A Puzzling Backdoor Upload

After a successful compromise, backdoors are frequently left behind and function as a point of re-entry into the website environment. These malicious pieces of code are a valuable tool for attackers and allow them to bypass any existing access controls into the web server environment.

To demonstrate just how common this malware is, in 2017 we identified that 71% of all compromises seen by Sucuri had a PHP-based backdoor hidden within the site.

The effectiveness of these backdoors often comes from their elusiveness – these files can be difficult to find because they can be very small, don’t need to be linked to a website, and can be easily confused with “normal” code. We often see a variety of different techniques used in backdoors to avoid detection and maintain access to the site for as long as possible.

Obfuscation Through String Rearrangement

During an investigation, we identified a backdoor which utilized a type of obfuscation that could bypass detection tools based on function names and malicious patterns.

In the malware world, string rearrangement is commonly used to create a specific pattern in order to execute arbitrary code. This code is typically based on a set of non-human readable characters.

The malware sample and explanation follows:

string rearrangment in a backdoor

In this case, the base for the rearrangement is located in the variable $PZI and even though it doesn’t make much sense at first, the malicious intent is revealed when checking the variables ($iC, $VgT, $HNR).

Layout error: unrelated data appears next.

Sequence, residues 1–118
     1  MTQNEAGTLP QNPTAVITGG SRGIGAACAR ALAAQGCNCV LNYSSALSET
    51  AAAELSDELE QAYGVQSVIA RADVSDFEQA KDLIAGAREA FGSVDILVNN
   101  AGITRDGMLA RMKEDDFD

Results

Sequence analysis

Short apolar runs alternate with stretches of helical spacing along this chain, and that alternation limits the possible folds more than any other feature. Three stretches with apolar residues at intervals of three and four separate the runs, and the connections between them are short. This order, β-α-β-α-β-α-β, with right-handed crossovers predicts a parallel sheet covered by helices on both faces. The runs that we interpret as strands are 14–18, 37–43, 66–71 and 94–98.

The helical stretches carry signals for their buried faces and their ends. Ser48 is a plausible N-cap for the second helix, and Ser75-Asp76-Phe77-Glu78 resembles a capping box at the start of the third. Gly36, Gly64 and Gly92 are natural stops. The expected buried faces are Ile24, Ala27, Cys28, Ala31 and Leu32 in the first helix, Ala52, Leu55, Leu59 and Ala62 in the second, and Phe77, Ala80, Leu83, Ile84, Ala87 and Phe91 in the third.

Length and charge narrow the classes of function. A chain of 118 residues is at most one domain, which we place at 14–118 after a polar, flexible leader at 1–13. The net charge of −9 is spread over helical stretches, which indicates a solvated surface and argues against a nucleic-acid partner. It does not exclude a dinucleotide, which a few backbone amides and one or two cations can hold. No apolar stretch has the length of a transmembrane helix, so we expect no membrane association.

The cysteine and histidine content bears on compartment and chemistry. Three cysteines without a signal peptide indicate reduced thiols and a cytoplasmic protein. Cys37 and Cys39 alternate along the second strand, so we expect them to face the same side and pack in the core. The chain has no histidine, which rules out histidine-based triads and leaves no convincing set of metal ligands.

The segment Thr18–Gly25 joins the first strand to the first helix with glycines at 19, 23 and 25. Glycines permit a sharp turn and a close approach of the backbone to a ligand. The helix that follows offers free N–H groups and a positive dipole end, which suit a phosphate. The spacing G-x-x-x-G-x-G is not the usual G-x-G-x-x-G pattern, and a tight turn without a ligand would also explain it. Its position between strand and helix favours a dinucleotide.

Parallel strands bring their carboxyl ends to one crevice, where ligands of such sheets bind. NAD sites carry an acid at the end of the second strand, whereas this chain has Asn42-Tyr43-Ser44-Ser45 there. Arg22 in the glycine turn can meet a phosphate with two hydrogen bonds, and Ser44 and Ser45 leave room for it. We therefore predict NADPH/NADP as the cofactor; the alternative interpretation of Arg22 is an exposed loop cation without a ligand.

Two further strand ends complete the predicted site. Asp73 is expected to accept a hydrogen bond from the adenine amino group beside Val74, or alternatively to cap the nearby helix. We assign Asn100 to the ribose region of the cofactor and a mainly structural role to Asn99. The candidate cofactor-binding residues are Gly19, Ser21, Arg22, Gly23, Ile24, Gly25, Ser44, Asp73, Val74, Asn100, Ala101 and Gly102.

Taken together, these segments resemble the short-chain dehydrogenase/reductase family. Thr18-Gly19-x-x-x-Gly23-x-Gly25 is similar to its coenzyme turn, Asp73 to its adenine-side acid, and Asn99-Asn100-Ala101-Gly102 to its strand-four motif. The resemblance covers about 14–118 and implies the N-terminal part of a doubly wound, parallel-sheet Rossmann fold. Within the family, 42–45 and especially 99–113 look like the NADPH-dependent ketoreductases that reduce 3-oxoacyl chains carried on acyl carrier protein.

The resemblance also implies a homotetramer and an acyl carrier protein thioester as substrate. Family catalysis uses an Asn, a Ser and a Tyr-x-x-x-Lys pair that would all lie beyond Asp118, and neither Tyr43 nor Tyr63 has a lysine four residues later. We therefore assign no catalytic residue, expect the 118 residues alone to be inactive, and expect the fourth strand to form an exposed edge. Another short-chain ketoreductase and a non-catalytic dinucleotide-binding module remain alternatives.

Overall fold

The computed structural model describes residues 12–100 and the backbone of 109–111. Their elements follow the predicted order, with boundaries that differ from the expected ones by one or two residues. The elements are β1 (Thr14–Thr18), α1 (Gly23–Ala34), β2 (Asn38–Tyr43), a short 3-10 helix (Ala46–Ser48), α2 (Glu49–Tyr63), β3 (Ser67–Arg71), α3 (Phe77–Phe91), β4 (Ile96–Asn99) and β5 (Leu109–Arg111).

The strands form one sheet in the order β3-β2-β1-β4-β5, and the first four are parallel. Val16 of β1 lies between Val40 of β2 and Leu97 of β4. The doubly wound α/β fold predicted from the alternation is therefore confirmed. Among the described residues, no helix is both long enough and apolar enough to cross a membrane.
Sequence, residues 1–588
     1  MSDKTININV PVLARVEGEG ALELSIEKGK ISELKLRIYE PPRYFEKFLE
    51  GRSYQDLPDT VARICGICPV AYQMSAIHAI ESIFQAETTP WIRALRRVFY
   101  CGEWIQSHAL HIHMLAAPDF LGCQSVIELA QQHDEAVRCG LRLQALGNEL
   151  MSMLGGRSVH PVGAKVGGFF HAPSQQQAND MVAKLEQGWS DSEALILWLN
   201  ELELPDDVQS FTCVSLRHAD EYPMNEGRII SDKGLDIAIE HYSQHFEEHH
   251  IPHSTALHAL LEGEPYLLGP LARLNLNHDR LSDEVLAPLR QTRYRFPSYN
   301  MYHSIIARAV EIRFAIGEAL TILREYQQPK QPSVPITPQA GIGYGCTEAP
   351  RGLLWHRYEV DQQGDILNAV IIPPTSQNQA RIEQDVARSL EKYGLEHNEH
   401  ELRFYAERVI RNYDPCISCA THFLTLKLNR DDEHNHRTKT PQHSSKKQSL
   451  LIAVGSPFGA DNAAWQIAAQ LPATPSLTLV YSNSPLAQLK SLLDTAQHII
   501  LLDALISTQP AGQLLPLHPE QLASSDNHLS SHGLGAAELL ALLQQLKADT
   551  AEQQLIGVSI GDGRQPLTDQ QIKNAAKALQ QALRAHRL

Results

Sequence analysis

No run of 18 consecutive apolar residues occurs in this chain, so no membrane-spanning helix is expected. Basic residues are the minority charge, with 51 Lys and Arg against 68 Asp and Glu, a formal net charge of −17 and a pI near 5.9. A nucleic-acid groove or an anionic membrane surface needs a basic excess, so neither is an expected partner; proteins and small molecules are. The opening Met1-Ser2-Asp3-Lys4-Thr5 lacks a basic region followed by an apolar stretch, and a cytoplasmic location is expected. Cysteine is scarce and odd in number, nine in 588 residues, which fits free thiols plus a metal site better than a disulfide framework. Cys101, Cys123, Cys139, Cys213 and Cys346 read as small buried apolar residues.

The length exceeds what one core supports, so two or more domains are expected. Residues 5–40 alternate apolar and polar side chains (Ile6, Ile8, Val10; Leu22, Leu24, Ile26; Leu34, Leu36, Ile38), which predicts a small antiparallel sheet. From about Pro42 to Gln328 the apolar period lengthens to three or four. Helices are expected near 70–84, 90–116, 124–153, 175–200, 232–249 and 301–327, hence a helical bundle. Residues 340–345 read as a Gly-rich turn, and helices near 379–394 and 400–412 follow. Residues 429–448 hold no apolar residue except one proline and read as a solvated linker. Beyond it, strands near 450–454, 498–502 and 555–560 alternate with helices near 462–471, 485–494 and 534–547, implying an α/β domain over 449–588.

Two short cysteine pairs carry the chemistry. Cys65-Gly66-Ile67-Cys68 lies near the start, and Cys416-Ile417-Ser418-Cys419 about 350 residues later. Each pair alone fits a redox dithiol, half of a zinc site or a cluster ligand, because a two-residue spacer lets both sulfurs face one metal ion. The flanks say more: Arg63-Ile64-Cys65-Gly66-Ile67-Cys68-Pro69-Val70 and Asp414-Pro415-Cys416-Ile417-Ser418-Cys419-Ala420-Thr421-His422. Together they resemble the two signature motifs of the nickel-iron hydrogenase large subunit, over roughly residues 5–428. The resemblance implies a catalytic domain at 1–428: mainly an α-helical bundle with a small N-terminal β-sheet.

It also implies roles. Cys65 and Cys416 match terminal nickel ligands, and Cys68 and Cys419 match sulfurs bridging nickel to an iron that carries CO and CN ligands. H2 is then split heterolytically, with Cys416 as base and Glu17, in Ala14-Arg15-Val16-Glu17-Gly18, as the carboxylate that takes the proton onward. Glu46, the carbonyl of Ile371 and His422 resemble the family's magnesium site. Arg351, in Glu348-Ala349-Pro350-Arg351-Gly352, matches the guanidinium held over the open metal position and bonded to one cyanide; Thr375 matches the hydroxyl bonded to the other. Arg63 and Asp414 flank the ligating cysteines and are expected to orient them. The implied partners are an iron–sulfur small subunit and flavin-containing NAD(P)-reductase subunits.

We can think of this code as a puzzle, where the attacker carefully put pieces of the variable $PZI{x} (x is the position of the string) together to create the desired combination and execute the malicious code.

After replacing the characters for $PZI{x}, we get the following:

$iC = str_replace
$VgT = base64_decode
$HNR = create_function
$iQ = create_function( “”, base64_decode(str_replace(array(“,”, “n”), “”, “....”) ) );

The resulting code is a malicious upload script that allows attackers to send arbitrary files to the victim’s website and help them maintain access to the server if the backdoor is not found.

This obfuscation technique would bypass certain automated scanners and other defense mechanisms because it doesn’t use any PHP function, per se.

Mitigating the Risk of Backdoors

Backdoors pose a serious risk to website owners. They provide attackers with remote control of a compromised website while bypassing the usual authentication methods. Even if you change your passwords or update your website, the backdoor will remain and bad actors will continue to have access to your website environment.

For this reason, it’s extremely important to keep all of your software updated, use a file integrity monitoring tool, and maintain regular website backups. If you notice something suspicious on your website, get in touch with us – we can help.



*** This is a Security Bloggers Network syndicated blog from Sucuri Blog authored by Douglas Santos. Read the original post at: https://blog.sucuri.net/2018/05/a-puzzling-backdoor-upload.html